Only a decade ago, my country was living through positive democratic reforms unfolding at the pace of a lightning rod.
But everything fell into millions of pieces when President Kais Saeid took full control of our country. On July 25, 2021, he declared a state of emergency following popular protests against economic recession and the state’s dismal management of the Covid-19 pandemic, after which he sacked the prime minister, dissolved parliament, shut down the Supreme Judicial Council, and proceeded to take measure after measure to kill all political life in the country.
Today, it is no longer possible to talk about Tunisia being a democracy. We cannot even speak about being on the path of building one. We have been derailed and it is imperative to reverse this destructive path.
I have seen many of the same politicians, along with members of Tunisia’s civil society who cheered the fall of the dictatorship in 2011, remain silent as they handed over the country to an incompetent president who has brought Tunisia to its knees.
The curtain rose and revealed political, economic, and social failures while a financial crisis suffocated the country. When the president overturned the 2014 constitution during the July 25 referendum, it was nothing less than a coup. The constitution that was promulgated was the work of one man. It didn’t even enjoy any sort of popular support as less than a third of Tunisians turned out to vote.
Saied, by decree, appointed himself the enforcer, legislator and judge of Tunisia.
Instead of letting the current order of the day become the permanent norm, it is really about time that defenders of democracy inside and outside Tunisia not only speak up but translate words into actions. The principles at stake here aren’t ones that are difficult to stand for. The respect of human dignity and universal human rights are essential to all political factions inside Tunisia and in the foreign policy agendas of those who cultivate relations with Tunisia.
Tunisian politicians and members of civil society must create a united front to protest Saied’s transgressions which are harming everyone. Among the many violations being enforced, civilians are being tried in military courts and the new cybercrime decree is stifling freedom of expression, one of the many decrees drawn up over the past 18 months at the behest and whims of Saied.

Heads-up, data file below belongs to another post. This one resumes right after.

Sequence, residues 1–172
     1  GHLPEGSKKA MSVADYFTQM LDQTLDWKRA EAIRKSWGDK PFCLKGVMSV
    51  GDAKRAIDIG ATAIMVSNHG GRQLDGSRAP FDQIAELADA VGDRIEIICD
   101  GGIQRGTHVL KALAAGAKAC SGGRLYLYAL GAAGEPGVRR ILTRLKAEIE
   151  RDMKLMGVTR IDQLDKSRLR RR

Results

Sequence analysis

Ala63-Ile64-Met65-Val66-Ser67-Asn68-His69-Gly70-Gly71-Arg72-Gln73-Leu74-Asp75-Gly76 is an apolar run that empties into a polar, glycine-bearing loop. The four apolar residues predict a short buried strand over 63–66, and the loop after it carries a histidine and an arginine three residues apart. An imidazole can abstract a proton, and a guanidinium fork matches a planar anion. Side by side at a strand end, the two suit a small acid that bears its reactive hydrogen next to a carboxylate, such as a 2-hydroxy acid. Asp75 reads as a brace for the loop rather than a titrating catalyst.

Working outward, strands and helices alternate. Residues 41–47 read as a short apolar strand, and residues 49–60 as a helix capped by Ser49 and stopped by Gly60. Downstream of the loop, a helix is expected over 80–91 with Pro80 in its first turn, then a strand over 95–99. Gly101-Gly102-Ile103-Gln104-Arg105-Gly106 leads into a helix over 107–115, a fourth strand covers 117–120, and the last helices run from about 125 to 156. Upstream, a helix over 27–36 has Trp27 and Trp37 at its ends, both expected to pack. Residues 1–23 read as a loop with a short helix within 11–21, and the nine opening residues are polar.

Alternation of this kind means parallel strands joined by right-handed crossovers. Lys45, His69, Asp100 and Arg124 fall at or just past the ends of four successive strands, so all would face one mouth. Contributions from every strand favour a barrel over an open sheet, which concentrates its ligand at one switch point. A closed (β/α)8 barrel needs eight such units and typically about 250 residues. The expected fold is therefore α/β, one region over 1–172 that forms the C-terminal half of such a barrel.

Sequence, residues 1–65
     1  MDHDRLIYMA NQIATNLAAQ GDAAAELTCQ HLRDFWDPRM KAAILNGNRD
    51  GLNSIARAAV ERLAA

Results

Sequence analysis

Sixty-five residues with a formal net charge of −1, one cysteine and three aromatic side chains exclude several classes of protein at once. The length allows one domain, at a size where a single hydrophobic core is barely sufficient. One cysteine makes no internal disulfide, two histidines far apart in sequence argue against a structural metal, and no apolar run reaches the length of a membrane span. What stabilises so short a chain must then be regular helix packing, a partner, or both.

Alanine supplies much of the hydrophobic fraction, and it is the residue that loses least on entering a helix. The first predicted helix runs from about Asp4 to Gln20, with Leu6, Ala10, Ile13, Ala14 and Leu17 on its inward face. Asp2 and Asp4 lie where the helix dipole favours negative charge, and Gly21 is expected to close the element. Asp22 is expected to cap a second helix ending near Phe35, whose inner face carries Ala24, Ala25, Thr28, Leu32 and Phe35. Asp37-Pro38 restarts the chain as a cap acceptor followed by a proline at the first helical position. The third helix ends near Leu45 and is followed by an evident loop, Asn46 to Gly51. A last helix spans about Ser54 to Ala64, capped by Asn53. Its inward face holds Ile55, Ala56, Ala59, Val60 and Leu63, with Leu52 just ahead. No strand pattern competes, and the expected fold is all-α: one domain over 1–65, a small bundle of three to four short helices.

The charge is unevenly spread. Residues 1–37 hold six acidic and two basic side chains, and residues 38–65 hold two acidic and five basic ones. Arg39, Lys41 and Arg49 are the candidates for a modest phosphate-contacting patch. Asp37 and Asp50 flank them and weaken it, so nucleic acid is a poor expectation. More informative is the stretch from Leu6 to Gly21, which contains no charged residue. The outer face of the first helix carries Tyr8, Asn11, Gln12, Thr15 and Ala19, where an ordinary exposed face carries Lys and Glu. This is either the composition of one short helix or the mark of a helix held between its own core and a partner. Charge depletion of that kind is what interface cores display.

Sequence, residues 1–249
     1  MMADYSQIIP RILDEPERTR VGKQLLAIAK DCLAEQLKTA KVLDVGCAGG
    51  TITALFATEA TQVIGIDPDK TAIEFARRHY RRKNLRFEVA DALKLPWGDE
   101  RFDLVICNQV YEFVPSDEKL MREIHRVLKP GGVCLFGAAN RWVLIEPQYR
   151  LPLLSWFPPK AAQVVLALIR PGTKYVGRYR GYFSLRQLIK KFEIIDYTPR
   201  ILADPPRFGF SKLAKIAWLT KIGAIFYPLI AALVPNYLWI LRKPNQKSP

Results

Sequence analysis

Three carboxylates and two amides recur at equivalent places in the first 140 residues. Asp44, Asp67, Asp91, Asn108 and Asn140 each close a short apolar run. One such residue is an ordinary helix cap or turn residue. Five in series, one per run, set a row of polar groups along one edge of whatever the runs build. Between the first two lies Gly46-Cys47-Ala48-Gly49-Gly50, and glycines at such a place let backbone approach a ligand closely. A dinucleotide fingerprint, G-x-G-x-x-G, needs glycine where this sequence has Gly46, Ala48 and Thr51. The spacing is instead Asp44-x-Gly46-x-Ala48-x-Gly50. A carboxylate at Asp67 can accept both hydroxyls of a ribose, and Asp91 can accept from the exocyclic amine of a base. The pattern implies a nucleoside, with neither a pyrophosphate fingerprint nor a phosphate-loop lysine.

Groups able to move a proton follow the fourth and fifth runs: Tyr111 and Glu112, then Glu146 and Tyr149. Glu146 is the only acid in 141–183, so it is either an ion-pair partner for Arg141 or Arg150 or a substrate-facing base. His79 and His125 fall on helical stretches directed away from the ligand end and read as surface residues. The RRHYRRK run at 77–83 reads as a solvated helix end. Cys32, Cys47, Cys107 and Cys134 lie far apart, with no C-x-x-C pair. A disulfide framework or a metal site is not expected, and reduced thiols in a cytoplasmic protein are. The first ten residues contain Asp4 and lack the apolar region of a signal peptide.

We must reverse these regressions before it is too late. Tunisia was a model for the entire Arab region. It inspired revolutions and made the dream of freedom an attainable reality for hundreds of millions across the Arab world. We shouldn’t trade such precious ideals for whatever immediate economic or political tradeoffs the international community is getting, such as an illusory stability. Political factions still have a chance to unite and insist on a pluralistic national dialogue to get the country out of its political and economic crisis and revive the 2014 constitution which was hailed worldwide as the most progressive in the Arab region.
It is also vital to re-integrate Tunisia’s youth into the public sphere – a crucial area for Tunisia’s political factions to work on. Recent statistics on election turnouts show that they have been distancing themselves from the shrinking political arena. I have seen through my work as Director of the Tunisian Youth League, which seeks to boost youth participation in politics, that they feel their voices are not being heard at all since July 25, 2021.
Tunisians less than 40 years of age constitute a large segment of the population and they need to be addressed at the level of the municipalities in which they reside. They are active at the municipal levels, offering ideas and solutions for problems including the high unemployment rate. We must help mobilize them to participate as well at the national level, for example through youth quotas in municipal elections and inside civil society organizations. The constitution of 2014 had highlighted the central role of youth as agents of social change. They had been active forces in the uprisings of 2011. Saied’s new constitution of 2022 removed from the 2014 constitution the mention of youth – yet another blow to the country’s development.
The international community needs to back Tunisia’s true democrats across the board. Kais Saied is not the solution. He is the problem.
His actions since July 2021 indicate that he will never admit he failed and will continue evading responsibility. He presents himself in his incoherent angry speeches as the real patriot, speaking about national sovereignty, and playing with people’s emotions by talking about Tunisia and the national flag. He delivers angry speeches, shouting, accusing and threatening everyone, and at other times goes out on populist visits in which he mobilizes his supporters, telling them about the absence of basic commodities, throwing accusations against the monopolists and imaginary traitors as though his authoritarian rule plays no role in these crises. He has led the country to economic chaos and burdened Tunisians with higher taxes.
Many associations now, and perhaps most of them, are sensing the danger of Saied’s authoritarian project. The powerful Tunisian General Labor Union pledged to fight “no matter the cost.”
It is time to rally behind the same cry. The president has lost all legitimacy.
We must support voices within the civil society that are struggling to bring back the country on the path it has bravely undertaken in 2011 when it ousted 30-year dictator Zine El Abidine Ben Ali and allowed generations to dream of a better, more free future. The international community must encourage the scarce courageous and free voices that are trying to salvage what is left of democratic reforms. Because in the end, and what has become certain today is that Saied has no place ruling the country.
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